The ‘McGuire rig’ was used quite frequently to extract soldiers from the jungle when no suitable pick-up zone was available.
What we did was tie our rappelling rope around our chest, then snap a d-ring on the rope. As our chopper was hovering above the jungle at tree top level, the crew dropped two or three one-hundred foot ropes down to us. These ropes had a loop at each end and were securely tied to the floor of the Huey. We snapped the end of the rope to our d-ring and were lifted out of the jungle then flown to the nearest LZ (Landing Zone)…
Photo courtesy of Dave Roger (right)
Quick Rescue ( usually recovery) Team
As a member of the Blue team, our primary duty was to scout for the enemy on the ground after our reconnaissance helicopters found signs of enemy movement.
All too often a Scout bird would get shot down. In that event, the Blues would scramble down to the helipad and board our Hueys and head out to the crash site.
The crash site was usually marked by smoke rising above the jungle, as most of the birds crash and burn upon impact. Our pilot would hover the Huey above the trees close to the downed aircraft as we rappelled one at a time to the ground through the dense vegetation. We always carried rappelling equipment with us as standard equipment, which consisted of leather gloves, rope and d-ring.
Fortunately, with our vast air support, the NVA and Viet Cong usually stayed out of sight until we were gone. Unfortunately, we mostly brought back depressing and disheartening body bags…
Down Bird in Cambodia Audio (May 6, 1970)
When your Vietnam tour was complete, you flew to Oakland Army Base in the San Francisco Area to process out…
It seems a bit dangerous, but we never thought anything of it. Riding on choppers with our legs dangling over the side was very common.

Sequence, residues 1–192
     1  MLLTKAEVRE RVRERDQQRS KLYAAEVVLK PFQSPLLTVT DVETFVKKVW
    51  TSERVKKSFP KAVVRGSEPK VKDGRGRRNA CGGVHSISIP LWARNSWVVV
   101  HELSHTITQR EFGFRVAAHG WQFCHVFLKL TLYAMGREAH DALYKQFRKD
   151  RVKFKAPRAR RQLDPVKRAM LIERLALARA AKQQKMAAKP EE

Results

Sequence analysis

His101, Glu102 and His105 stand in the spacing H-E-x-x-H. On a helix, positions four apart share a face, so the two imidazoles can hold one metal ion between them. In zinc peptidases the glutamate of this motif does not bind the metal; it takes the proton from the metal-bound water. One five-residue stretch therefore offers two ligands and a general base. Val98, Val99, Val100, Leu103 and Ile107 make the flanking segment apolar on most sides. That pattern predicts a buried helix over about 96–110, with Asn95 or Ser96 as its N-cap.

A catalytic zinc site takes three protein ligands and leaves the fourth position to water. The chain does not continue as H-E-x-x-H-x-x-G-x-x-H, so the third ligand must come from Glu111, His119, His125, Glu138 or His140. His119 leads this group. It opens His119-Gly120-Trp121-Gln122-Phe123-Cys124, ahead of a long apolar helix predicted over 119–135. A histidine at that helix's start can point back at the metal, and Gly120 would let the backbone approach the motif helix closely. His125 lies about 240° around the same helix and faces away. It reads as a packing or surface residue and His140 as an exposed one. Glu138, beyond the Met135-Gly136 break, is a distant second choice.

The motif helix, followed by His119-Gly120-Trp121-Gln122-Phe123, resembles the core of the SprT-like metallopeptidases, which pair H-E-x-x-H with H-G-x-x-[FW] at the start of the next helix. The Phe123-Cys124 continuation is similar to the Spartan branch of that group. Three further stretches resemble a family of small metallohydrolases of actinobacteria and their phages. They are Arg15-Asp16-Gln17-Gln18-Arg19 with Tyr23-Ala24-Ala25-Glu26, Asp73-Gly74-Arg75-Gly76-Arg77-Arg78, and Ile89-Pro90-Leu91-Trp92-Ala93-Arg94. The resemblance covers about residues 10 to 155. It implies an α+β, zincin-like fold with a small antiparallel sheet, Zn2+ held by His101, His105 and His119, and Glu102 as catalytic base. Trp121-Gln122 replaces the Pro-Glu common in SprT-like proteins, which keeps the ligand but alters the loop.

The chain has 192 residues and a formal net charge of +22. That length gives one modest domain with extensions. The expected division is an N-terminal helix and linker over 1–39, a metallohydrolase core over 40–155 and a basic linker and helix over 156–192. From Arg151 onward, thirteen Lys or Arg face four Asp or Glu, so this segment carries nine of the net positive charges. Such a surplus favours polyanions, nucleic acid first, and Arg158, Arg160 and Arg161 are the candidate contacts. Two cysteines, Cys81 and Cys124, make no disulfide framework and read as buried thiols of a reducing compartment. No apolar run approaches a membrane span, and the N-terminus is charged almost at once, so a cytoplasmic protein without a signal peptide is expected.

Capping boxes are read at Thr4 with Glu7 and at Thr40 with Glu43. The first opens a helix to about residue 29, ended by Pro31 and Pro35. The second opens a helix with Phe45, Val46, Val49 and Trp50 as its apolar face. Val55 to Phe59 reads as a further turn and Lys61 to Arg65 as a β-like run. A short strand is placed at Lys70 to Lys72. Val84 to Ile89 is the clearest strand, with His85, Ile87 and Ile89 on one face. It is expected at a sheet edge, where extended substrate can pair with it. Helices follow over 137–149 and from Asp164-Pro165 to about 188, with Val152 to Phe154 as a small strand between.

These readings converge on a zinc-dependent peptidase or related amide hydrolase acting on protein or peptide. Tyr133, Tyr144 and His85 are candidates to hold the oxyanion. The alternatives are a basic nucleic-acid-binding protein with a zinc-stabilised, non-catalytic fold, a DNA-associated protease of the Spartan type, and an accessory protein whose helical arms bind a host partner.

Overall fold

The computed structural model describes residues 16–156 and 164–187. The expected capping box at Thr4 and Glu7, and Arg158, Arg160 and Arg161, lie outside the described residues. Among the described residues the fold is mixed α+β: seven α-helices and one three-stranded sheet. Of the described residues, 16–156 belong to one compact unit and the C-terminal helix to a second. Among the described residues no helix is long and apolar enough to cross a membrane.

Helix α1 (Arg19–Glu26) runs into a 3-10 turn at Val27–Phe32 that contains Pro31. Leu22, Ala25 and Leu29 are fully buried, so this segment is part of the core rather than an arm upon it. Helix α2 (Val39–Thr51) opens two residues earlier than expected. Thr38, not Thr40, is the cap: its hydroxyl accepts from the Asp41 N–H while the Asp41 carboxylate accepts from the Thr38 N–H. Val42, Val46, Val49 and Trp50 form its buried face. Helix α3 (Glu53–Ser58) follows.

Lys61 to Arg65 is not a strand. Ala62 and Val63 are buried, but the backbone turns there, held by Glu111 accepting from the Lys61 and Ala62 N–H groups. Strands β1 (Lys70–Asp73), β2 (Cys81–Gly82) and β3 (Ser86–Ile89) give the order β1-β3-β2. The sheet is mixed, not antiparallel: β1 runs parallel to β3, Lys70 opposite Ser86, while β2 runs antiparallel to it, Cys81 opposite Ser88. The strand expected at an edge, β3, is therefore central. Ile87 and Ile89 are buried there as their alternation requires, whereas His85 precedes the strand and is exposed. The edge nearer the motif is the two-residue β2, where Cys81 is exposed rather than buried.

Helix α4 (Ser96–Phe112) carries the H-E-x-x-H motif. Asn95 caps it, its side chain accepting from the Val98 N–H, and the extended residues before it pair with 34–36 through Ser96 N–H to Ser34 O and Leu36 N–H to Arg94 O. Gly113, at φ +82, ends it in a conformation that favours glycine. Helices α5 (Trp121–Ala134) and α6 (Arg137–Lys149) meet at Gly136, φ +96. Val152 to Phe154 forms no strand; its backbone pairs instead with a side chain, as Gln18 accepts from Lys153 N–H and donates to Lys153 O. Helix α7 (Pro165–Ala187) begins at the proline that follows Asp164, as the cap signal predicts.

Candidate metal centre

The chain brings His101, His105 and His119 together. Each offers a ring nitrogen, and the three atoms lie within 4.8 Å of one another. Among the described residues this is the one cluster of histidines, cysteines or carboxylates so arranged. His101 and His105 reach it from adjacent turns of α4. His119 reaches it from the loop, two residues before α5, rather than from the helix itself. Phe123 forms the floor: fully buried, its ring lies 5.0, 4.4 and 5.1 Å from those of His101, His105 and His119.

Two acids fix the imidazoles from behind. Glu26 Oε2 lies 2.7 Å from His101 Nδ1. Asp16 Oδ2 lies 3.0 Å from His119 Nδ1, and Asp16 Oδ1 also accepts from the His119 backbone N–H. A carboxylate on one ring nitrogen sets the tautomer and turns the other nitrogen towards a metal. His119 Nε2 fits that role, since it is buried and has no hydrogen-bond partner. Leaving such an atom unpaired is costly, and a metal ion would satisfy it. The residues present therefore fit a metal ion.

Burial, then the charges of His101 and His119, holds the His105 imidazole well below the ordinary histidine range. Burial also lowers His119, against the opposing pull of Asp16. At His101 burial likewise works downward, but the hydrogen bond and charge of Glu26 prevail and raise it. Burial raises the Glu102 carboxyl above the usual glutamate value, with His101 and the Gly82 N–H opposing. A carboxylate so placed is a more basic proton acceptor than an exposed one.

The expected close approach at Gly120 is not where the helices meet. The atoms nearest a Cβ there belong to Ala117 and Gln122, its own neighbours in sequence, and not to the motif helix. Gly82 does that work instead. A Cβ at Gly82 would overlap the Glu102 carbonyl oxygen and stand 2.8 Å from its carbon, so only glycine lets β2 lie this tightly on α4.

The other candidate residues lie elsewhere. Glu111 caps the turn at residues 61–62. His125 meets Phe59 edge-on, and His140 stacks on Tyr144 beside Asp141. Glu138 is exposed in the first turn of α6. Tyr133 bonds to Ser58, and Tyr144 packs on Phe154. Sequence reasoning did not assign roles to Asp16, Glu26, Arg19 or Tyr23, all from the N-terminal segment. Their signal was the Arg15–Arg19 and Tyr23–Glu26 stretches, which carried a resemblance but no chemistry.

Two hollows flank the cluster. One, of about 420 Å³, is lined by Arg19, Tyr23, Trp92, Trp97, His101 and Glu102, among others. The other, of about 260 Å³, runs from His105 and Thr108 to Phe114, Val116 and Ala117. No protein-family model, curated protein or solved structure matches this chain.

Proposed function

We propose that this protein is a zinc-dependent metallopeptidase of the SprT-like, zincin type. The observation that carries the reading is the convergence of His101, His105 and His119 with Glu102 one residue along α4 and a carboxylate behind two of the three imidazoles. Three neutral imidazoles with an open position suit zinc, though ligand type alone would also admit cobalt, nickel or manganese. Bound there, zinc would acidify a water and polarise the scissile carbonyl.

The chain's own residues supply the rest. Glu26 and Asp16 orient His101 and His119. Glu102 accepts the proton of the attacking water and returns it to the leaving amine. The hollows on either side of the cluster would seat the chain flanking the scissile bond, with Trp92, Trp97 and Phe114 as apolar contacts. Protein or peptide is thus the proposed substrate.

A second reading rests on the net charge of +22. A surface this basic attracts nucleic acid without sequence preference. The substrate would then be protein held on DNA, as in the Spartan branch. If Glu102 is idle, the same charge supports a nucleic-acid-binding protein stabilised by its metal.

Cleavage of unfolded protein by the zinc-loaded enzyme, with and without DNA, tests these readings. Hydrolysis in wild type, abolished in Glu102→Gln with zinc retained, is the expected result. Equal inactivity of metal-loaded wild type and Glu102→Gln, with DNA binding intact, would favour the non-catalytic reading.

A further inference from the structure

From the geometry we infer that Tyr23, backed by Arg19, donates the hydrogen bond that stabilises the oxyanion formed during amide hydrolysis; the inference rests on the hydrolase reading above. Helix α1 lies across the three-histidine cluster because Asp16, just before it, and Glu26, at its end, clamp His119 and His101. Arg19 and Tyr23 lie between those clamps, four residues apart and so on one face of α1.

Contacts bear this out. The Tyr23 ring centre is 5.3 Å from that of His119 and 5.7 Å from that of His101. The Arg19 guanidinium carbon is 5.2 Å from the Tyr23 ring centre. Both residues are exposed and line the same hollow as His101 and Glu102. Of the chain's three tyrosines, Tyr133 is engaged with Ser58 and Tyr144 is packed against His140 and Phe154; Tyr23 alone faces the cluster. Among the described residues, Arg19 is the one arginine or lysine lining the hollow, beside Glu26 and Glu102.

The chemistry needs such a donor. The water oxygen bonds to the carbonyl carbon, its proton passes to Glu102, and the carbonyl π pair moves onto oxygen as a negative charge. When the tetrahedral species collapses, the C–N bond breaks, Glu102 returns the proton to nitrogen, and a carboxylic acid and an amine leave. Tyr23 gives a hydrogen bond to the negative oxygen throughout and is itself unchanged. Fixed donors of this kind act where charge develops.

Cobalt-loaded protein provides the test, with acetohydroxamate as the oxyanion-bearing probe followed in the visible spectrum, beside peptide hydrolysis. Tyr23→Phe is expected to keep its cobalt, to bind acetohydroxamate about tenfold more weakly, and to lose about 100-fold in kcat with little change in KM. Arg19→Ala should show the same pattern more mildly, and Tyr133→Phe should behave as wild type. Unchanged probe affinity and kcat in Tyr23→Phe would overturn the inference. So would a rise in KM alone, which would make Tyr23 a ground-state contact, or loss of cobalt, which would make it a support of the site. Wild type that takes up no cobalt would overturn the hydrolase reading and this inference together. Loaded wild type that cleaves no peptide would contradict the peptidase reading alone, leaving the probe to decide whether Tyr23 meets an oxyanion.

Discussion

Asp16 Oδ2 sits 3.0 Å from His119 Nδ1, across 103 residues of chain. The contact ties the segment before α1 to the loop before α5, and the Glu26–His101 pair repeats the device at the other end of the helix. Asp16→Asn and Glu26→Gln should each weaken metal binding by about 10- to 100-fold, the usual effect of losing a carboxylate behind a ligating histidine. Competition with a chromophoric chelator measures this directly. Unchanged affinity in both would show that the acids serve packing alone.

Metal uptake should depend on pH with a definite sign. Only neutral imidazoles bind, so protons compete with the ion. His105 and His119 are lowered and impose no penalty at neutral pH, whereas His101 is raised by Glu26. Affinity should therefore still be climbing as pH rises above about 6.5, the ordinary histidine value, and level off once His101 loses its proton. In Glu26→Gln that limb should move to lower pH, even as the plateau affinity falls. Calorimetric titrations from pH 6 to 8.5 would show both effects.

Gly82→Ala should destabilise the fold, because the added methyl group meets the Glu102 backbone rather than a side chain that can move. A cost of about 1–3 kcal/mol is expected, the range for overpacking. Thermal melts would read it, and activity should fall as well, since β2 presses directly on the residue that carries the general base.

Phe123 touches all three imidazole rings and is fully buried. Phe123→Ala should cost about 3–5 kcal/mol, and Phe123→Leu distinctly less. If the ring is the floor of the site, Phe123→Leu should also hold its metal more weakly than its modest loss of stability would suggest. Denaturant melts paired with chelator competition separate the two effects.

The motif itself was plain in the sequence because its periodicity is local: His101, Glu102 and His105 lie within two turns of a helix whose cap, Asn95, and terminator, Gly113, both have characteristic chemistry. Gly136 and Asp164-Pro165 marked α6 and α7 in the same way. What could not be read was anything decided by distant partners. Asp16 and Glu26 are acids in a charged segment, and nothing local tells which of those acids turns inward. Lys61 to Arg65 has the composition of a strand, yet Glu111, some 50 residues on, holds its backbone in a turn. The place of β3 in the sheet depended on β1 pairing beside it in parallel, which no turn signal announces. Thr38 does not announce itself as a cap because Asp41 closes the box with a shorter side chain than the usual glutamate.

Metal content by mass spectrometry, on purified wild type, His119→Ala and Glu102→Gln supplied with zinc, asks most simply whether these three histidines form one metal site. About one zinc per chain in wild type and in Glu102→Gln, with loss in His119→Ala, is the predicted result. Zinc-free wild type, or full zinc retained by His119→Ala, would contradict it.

When being inserted on a recon mission, the Huey pilots had good reasons for not wanting to stick around too long, so we had to exit the bird as quickly as possible…
Immaculate Conception Medal
When I left for Vietnam, my mother gave me an Immaculate Conception Medal. She said it would help keep me safe, so I wore it around my neck for a short while, until I decided it was just too shiny. I then slipped it into my wallet for the rest of my tour.
I gave what was left of it to my daughter Jill a few years back to keep. It was almost worn down flat from being in my wallet that long…
New Guy got the radio
I was a FNG (f**king new guy) so they put a radio on my back. My call sign was Blue India.
As a RTO (radio telephone operator) I was the only communication between us Blues on the ground and our choppers in the air. It only made sense that the RTO was a prime target in a firefight, so that’s probably why the radio was given to a FNG. I found out a little later that the Blues radio guy (Blue-India) was killed in an ambush in September of 1969.
The most common radio used was the PRC-25. The PRC-25 ran on battery power, and the battery only lasted for one day of continuous use, so I always carried a spare. The PRC-25 had two large knobs, which changed the frequency. The frequency had to be changed often to insure that enemies could not pick up transmissions.
I also carried smoke grenades. The smoke grenade released clouds of colored smoke to help mark location for gun ships and Huey Pilots.
The first time I rappelled from a chopper with a radio on my back, I flipped upside down from being a bit top heavy. After a few more rappelling missions, I finally figured it out…
Tom Criser served in Vietnam from February 1969 through March 1970. He also carried the radio (Blue India) while with the Blues.
Pat Bieneman (Blue India, 1968-69)